First, however, it is important to discuss both influence and leadership a bit further. In a definitional sense, influence is not a difficult concept. To influence is merely to affect indirectly. To bend the behavior of a thing, absent overt forcing. Thus, through some combination of communication skill and intellectual prowess, a preacher can lift a flock, a manager can elevate his team’s performance, and a teacher can be a catalyst for meaningful student growth.
Whereas influence seems straight forward, it becomes more complex when combined with the word “leadership.” Leadership has been practiced for millennia, yet scientifically studied for only a century, give or take. Several unanswered questions remain and, for us, two in particular stand out. First, who owns the intellectual body of knowledge pertaining to “leadership.”
To put it kindly, several major camps have staked a claim to the leadership space. At different times and in different ways, these groups have included business school professors, executive practitioners, military scholars and personnel, political science professors, human resource professionals, and a host of others.
In our view this is odd, given how widely leadership is practiced across so many domains. Somewhat unexpectedly, our results support this notion. The second question concerns whether all versions of influence are created equally. Is it, for example, the same thing for a thought leader to deeply and profoundly influence one person as it is for that leader to mildly influence many thousands of people?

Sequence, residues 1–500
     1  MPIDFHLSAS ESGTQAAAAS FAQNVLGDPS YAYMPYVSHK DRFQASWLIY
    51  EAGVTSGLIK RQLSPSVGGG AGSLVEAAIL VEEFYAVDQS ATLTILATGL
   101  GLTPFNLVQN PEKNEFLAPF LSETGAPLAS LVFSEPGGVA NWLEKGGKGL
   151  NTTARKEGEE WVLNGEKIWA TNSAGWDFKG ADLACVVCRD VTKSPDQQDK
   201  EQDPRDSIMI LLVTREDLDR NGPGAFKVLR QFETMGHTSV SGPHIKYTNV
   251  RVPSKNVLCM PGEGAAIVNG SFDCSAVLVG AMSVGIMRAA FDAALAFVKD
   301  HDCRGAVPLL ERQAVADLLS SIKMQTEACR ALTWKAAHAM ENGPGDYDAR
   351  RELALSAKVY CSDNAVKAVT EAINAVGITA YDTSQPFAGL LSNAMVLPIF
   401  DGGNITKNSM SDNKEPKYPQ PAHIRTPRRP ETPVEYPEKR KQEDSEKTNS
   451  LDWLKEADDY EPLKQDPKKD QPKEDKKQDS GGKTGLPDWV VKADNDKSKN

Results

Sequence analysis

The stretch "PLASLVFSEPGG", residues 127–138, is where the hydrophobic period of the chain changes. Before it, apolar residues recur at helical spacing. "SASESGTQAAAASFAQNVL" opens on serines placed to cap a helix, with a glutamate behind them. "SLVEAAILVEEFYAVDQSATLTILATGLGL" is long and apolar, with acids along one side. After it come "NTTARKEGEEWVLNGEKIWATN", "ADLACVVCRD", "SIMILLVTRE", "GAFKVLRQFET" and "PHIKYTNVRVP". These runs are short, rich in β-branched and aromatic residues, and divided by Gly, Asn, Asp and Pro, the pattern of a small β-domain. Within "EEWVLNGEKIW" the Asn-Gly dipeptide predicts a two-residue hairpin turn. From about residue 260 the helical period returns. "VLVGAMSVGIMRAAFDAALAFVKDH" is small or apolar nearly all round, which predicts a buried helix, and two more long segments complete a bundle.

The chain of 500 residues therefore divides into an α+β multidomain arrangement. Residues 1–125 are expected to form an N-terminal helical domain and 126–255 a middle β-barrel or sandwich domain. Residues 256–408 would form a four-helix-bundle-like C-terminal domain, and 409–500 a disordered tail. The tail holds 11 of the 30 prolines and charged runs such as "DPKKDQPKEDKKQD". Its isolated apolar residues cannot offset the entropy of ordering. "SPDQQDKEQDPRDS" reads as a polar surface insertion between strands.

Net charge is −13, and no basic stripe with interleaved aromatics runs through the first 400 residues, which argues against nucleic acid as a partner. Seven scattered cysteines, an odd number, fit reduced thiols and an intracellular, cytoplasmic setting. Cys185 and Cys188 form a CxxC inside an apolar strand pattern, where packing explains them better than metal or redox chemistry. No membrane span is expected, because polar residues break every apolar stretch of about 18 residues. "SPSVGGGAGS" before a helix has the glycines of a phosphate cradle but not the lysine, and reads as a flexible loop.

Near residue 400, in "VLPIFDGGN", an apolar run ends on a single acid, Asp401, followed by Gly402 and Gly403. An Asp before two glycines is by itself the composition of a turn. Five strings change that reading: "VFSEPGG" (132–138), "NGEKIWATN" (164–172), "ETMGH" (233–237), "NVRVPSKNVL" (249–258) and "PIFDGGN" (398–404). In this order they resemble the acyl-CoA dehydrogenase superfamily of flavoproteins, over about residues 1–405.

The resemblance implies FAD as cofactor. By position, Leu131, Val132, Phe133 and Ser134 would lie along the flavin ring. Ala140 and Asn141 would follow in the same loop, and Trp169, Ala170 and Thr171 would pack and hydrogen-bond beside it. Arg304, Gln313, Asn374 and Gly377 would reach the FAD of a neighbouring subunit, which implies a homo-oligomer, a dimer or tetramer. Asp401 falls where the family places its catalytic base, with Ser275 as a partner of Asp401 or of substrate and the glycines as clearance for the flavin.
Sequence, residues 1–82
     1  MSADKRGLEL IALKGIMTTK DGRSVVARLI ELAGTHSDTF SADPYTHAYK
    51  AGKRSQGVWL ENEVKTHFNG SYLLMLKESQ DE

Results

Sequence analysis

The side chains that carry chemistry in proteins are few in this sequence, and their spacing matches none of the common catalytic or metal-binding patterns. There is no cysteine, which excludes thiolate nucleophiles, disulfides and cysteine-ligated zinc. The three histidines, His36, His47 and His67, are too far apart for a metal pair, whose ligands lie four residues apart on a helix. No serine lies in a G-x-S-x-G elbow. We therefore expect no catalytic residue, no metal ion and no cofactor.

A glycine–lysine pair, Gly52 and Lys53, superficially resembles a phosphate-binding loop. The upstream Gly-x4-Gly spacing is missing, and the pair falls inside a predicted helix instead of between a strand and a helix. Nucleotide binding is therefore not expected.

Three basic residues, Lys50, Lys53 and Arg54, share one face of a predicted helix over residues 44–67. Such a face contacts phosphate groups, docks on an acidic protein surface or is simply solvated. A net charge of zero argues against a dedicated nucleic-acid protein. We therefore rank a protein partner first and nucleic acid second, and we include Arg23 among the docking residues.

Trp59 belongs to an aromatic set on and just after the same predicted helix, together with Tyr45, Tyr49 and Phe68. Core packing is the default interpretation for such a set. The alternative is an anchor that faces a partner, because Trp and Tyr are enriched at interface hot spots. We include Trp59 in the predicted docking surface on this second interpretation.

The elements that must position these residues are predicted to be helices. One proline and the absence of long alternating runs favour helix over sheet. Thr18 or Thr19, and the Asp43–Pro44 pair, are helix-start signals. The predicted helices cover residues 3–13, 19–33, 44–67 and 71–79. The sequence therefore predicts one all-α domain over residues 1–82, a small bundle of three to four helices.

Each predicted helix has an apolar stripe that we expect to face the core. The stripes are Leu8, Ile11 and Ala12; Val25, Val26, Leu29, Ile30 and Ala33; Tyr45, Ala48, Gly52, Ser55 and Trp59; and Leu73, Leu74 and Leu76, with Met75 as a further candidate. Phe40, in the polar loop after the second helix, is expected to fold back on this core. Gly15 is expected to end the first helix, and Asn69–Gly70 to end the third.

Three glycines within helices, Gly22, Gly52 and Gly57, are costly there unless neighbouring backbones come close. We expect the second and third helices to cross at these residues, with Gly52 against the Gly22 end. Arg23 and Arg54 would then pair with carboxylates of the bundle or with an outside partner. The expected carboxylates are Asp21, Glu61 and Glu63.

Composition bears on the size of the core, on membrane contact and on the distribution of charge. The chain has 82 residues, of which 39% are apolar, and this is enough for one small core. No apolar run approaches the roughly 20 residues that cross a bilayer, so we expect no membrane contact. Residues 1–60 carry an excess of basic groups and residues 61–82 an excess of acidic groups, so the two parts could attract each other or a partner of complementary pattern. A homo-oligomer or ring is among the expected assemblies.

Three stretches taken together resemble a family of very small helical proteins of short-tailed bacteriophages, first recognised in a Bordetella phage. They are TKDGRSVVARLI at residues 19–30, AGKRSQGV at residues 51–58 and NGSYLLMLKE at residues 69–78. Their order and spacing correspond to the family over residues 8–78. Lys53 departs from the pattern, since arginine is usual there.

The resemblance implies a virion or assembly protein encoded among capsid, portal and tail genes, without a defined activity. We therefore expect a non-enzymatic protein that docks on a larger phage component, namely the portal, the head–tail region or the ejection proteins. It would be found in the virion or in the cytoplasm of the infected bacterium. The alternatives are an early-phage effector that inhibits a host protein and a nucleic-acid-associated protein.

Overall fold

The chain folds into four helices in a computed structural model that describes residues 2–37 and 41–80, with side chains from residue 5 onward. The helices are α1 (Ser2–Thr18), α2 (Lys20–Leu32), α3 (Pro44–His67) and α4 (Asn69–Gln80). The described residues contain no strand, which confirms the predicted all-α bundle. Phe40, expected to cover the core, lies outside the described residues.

No sane person doubts that Oprah has influenced many millions of people. Chris Argryis likely influenced far fewer people, though we suspect more deeply. Does one have stronger leadership influence than the other?
One thing is certain: the channels of communication available to any though leader today are far more capable than in decades past, and one channel may trump the all – the internet.
We found a number of surprising things this time.
- Finding 1: The list appears to have missed virtually everyone with a name in the leadesrship business.There are plenty of ways to generate a list that matches predetermined expectations. For instance, Jurgen Appelo has used an algorithm to compile a list of the Top 150 Blogs on Leadership. He combines Google Page Rank, Bing hit count, Alexa Ranking, Technorati Authority, Twitter Grader, PostRank and FeedBurner count into a single measure. (The method is described here). Jurgen’s approach begins with a list of the blogs you want to rank. The Traackr algorithm is more oriented to discovery.